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A slim envelope arrived in the mail. It didn’t look like junk mail and its heft was light.  I turned it over a couple of times and slit it open. Inside, on a single sheet of ruled paper was a crisply-penciled note from my grandniece.  “Dear Mukund Thatha,” it read. “Thank you for coming to my show. I enjoyed dozing off during class with Ms. Quipster. Taarini”

When was the last time you received a personal letter in the mail?

Taarini was referring to Sounds of Laughter 2019, an annual show by The Music School in Sunnyvale featuring more than a hundred of its students ranging in age from kindergarteners to high schoolers.

A buzz filled the Spartan Theater as people entered, greeted friends, found seats of their choice and settled in. The diverse crowd was representative of the Bay Area, with a good mix of young and old. Proud parents and grandparents, many armed with cameras, video recorders and smartphones were ready to capture the young ones in action.  Many parents were accompanied by their children – some looking somewhat bored, uninspired perhaps by the prospect of having to watch their siblings perform; a few others were armed with books. Friends of the family looked happy in their role as morale boosters. A few among the audience just had to check out that latest WhatsApp message, respond to a work email or check on the Warriors score in a key playoff game.  

The lights dimmed promptly at seven and the audience settled in.  Rustling and movement could be heard behind the stage curtain. A spotlight turned on to illuminate a corner of the stage. “Why did the chicken cross the road?” asked a disembodied young voice. Two young artistes stepped into the spotlight and trotted onto the stage in full chicken regalia, fluffing their feathers.

Thus started an endearing, fun-filled and joyous evening of songs, dance and skits interspersed with more chicken and Knock-Knock jokes than I’d heard in the last ten years combined. It was inspiring to see and hear these high-energy performers – young and younger – giving their best, teaming in coordination and harmony and entertaining the audience while having great fun themselves.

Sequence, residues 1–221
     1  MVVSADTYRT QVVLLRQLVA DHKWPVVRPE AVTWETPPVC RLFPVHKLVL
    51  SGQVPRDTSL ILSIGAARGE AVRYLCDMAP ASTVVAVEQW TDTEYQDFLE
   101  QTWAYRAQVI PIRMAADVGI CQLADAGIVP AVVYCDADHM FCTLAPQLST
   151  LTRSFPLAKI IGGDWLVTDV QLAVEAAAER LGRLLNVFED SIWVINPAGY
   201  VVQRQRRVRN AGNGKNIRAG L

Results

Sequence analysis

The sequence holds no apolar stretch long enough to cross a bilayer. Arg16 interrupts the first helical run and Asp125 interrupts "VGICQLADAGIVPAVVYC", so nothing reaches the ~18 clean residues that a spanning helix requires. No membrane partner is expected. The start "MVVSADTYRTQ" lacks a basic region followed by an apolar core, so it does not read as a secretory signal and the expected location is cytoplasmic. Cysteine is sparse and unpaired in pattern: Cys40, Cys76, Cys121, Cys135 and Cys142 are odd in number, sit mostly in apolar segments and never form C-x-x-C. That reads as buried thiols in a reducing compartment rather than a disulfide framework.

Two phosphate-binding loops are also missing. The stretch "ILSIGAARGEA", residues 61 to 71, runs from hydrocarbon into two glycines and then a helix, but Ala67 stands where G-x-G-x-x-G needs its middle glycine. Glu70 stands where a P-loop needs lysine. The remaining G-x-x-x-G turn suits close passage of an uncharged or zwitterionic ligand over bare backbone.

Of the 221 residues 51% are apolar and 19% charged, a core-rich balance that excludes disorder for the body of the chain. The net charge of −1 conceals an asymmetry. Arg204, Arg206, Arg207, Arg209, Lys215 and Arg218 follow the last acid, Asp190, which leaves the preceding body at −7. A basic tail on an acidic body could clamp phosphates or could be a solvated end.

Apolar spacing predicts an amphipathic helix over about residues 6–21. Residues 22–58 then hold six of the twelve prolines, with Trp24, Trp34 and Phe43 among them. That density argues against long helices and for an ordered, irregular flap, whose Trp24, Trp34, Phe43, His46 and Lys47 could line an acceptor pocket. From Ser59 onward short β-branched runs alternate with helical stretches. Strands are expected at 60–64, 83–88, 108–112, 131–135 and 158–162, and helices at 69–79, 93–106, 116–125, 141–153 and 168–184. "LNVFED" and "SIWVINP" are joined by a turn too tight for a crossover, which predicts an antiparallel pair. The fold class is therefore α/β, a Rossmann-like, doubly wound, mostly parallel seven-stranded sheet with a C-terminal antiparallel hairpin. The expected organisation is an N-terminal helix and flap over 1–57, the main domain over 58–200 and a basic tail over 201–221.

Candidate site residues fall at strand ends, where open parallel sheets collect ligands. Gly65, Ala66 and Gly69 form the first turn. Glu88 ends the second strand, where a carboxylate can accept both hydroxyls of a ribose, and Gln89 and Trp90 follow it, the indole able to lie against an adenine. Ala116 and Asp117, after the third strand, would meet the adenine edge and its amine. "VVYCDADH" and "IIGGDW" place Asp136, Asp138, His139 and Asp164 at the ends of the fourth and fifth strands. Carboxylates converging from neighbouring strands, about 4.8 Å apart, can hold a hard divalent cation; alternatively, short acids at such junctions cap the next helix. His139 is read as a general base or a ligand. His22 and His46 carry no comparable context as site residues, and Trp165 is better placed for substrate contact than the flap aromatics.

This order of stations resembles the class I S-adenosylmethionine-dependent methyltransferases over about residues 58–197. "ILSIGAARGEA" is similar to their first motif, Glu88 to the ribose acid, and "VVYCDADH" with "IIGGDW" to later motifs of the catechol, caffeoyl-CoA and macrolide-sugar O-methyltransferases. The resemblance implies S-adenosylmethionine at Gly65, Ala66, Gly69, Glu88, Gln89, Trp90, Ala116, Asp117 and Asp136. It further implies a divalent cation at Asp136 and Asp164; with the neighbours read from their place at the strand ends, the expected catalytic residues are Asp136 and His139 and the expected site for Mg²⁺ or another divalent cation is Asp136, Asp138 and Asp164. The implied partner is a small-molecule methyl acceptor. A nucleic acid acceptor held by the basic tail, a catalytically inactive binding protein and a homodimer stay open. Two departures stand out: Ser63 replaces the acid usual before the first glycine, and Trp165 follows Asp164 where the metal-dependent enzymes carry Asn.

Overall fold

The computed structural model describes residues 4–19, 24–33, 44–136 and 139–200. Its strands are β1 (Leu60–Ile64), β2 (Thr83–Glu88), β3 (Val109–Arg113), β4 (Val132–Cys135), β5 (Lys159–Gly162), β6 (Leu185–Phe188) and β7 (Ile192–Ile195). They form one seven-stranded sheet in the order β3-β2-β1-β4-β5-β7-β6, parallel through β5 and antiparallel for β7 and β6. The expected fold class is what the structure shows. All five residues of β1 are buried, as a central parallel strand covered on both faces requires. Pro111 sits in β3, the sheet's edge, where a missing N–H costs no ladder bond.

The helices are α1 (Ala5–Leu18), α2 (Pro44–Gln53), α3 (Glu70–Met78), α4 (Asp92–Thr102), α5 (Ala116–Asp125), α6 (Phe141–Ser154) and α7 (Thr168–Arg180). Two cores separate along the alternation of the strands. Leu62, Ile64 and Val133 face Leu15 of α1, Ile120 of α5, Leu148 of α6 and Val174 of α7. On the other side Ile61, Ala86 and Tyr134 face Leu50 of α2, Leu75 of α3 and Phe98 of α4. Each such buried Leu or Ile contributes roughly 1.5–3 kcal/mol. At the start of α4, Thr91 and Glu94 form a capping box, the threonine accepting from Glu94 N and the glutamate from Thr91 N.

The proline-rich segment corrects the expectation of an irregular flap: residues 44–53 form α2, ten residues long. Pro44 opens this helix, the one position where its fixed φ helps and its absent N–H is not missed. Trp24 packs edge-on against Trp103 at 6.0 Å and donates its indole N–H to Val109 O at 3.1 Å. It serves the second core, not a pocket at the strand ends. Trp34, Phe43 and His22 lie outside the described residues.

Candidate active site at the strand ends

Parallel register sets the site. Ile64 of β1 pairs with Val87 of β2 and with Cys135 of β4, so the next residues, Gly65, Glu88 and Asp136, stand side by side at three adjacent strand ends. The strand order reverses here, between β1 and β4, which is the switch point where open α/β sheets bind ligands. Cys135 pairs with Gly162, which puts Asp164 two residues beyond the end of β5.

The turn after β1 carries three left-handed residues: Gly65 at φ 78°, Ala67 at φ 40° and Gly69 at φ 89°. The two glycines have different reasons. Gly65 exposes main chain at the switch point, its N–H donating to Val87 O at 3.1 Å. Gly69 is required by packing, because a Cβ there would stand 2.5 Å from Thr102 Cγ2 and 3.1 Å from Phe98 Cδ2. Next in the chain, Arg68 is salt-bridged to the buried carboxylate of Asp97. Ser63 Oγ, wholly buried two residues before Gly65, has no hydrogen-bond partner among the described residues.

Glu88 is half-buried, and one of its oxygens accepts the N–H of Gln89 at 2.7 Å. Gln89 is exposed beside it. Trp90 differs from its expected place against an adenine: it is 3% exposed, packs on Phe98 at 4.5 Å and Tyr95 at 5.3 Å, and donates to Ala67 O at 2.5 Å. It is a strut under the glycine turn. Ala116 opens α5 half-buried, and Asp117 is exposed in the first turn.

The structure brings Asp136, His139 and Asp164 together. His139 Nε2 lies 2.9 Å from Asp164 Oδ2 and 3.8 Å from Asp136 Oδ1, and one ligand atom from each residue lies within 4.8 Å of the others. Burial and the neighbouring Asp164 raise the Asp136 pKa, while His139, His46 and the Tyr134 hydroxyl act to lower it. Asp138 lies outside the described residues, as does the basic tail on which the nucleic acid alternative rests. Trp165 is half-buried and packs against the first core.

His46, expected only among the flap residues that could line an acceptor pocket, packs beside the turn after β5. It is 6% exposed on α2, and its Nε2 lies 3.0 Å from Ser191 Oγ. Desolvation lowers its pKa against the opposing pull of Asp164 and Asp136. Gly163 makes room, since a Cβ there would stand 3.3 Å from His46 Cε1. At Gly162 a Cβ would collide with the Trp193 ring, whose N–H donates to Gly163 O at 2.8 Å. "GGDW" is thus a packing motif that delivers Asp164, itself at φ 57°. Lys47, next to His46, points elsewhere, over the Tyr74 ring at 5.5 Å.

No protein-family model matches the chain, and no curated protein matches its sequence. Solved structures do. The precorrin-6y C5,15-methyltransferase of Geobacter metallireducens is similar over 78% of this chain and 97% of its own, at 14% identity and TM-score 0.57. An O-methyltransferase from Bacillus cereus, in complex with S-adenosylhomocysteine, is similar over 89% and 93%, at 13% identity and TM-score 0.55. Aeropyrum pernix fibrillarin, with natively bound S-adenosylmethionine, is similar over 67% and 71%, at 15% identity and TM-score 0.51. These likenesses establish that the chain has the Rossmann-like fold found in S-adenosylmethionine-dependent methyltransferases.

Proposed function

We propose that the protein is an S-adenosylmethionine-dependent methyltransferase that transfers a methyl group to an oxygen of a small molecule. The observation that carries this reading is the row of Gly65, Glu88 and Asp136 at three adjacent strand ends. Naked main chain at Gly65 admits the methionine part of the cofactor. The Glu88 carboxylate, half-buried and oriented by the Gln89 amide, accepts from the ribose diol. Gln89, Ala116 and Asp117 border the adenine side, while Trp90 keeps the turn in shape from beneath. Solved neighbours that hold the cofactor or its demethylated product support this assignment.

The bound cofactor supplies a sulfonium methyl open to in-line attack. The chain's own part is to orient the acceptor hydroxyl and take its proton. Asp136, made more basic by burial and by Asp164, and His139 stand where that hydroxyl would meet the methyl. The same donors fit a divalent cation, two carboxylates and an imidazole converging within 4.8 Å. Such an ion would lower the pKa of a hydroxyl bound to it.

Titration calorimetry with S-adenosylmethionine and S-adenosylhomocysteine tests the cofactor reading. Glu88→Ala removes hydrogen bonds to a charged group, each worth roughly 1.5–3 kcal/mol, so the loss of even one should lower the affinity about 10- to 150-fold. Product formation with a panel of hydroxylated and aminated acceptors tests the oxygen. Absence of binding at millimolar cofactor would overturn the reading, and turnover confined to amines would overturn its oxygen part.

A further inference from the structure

The song and dance numbers included well-known hits such as Monster Mash, and That’s Amore.  A dramatic rendition of Carole King’s musical version of Maurice Sendak’s classic children’s story Pierre: A Cautionary Tale in Five Chapters and a Prologue left a strong impression.

There was once a boy named Pierre
Who only would say, “I don’t care!”
Read his story, my friend, for you’ll find
At the end that a suitable
Moral lies there

One day his mother said
When Pierre climbed out of bed
“Good morning, darling boy, you are my only joy”
Pierre said, “I don’t care!

***********

In a skit titled School Daze, the aforementioned Ms. Quipster tried gamely to deal with students who one-upped her with their attitudes and replies to her questions. The Song That Goes Like This was followed by Papa-Oom-Mow-Mow, previously rendered by the Beach Boys and other bands.  In my opinion the true essence of the evening was captured by the finale Happiness:

Happiness is two kinds of ice cream
Finding your skate key, telling the time
Happiness is learning to whistle
Tying your shoe for the very first time
Happiness is playing the drum in your own school band
And happiness is walking hand in hand

Happiness is five different crayons
Knowing a secret, climbing a tree
Happiness is finding a nickel
Catching a firefly, setting him free
Happiness is being alone every now and then
And happiness is coming home again

Happiness is morning and evening
Daytime and nighttime, too
For happiness is anyone and anything at all
That’s loved by you

Happiness is having a sister
Sharing a sandwich
Getting along
Happiness is singing together when day is through
And happiness is those who sing with you

Happiness is morning and evening
Daytime and nighttime, too
For happiness is anyone and anything at all
That’s loved by you

So, why did the chicken cross the road?

To remind us of all the important little things in life.  To assure us that it’s okay to act silly and have fun. To remind us to be happy with what we have. To feel justifiably proud of the generation that will be our future. To demonstrate what a group of people, young or old, can accomplish when they give of themselves and work together. To reinforce the adage that when you help others you help yourself. To bless us with an enjoyable, fun-filled evening.  And having done all that, to get to the other side!

No, Taarini, it is I who should thank you!

Mukund Acharya spent 40 years on three continents as a professor, scientist, manager and technologist in aerospace. He currently promotes healthy aging and wellness, advocates for patients and their families, and is exploring the use of short stories, photopoetry and blogs to spread the message on the importance of living substantive, impactful, fulfilling and contented lives while giving back to the community.

Happiness lyrics © Johnny Bienstock Music LLC, Songwriters: Bill Anderson

 

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